Jim Tressel is one of three finalists for the presidency at the University of Akron and a candidate for the same position at Youngstown State.
The intriguing thing in either case is that he could become a college president before his five-year, show-cause penalty from the NCAA, which complicates his employment as a college football coach, expires. Tressel, of course, is the ex-coach who won a ton at Ohio State while preaching adherence to the rules and radiating a moral vibrancy. Then hypocrisy was exposed when he broke rules by suiting up players he knew were ineligible, then lied about it to the NCAA.
So now he wants to be a college president, minus any considerable experience as an academician. Reportedly Tressel was alone among the original 15 candidates at Akron to not have a doctorate.
If it comes down to academic mission and utter devotion to the diploma, either of two other finalists — including Scott Scarborough, the provost and executive vice president for academic affairs at the University of Toledo — are more qualified. But that may not be the sole determining factor. Remember, we’re not talking Harvard or Yale here.
Fund-raising is among the most important roles of the president at a place like Akron, which like many state schools of its size is seeking ways to balance a shrinking budget and remain affordable to students.
And if you’re looking for a meet-and-greet speaker to rouse donors, sing the fight song, and get people to dip into annuities and reach for their checkbooks, you can’t do much better in this neck of the woods than the 61-year-old Tressel.
Despite the way his coaching career ended at Ohio State, he is still respected, if not revered, in many corners of the state, especially, it seems, in northeast Ohio, as evidenced by the way Akron snatched him up for an administrative gig.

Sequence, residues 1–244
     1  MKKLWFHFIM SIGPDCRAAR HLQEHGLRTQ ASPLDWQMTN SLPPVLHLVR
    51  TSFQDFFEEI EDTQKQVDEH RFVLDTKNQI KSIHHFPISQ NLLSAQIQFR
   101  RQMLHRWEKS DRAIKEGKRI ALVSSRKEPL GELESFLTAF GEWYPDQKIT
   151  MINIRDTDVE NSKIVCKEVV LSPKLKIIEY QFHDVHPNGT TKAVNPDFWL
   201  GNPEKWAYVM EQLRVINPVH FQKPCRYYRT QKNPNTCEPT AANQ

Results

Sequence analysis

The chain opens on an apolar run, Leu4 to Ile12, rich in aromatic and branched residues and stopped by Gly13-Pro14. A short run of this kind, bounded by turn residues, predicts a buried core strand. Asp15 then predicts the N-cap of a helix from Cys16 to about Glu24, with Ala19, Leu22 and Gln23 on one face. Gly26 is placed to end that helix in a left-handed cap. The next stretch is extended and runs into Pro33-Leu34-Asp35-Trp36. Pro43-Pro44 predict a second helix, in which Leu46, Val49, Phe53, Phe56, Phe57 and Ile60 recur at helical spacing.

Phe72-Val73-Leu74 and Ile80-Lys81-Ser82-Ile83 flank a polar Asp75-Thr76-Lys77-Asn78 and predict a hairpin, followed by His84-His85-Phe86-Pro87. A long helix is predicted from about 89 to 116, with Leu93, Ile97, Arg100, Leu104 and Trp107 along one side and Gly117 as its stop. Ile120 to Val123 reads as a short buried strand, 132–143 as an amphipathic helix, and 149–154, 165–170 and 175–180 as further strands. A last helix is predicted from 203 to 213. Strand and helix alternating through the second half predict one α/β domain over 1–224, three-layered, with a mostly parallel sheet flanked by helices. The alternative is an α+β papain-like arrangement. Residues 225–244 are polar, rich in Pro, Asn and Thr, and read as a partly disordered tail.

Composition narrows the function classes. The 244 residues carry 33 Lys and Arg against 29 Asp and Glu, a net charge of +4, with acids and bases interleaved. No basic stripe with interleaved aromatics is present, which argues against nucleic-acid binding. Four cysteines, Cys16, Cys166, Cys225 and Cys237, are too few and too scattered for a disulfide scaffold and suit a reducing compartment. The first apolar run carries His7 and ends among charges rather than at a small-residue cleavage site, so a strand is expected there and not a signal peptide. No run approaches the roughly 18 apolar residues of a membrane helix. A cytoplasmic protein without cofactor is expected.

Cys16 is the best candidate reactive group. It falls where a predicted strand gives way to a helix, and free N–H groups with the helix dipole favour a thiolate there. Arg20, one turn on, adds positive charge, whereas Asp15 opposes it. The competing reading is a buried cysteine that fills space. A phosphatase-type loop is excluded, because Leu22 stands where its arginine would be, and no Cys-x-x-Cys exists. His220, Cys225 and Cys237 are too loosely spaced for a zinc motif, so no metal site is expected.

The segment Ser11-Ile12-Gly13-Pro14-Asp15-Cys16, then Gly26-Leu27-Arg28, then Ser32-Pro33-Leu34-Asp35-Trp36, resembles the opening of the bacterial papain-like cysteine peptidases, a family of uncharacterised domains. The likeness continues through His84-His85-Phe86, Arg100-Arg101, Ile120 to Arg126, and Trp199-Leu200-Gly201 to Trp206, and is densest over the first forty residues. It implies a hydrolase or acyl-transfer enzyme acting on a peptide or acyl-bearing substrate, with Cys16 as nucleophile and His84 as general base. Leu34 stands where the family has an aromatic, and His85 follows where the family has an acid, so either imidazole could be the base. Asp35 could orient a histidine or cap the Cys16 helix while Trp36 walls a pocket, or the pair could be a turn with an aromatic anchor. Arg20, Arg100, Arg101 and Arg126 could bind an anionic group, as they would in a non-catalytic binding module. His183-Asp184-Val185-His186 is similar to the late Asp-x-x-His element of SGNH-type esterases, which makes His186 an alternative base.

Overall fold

In his lowest professional moment, the Zips embraced him and created a role as executive vice president for student success, through which he has dealt with student recruitment, admissions, advising, even marketing.
Now the school may be poised to give him its top job. Some still see his ascension as a long shot, but don’t underestimate the possibility that he may, in fact, be the front-runner. And if it doesn’t happen at Akron, he has even more history and equity at Youngstown State.
His Ohio State embarrassment may have felled a lesser man, or driven him as a reclamation project to a fairly anonymous assistant’s position in the NFL. Instead he has quietly and, we presume, efficiently reclaimed his integrity by going about the business of a new career. I imagine he prepares just as methodically and brings the same energy that he did as a coach.
It would be interesting to learn whether his show-cause penalty might stand as a speed bump in Tressel’s presidency pursuit.
The show-cause makes reference to any “athletically related” employment, and as a president he would be responsible for the entire athletics department.
Regardless, to make a person in that situation a university president, especially one with a resume anchored in athletics more so than academics, would be unprecedented. It’s risky.
Still, we are a nation of second chances, and lots of people of lesser character who did worse things have received them.
Why not Jim Tressel?
Contact Blade sports columnist Dave Hackenberg at: email@example.com or 419-724-6398.
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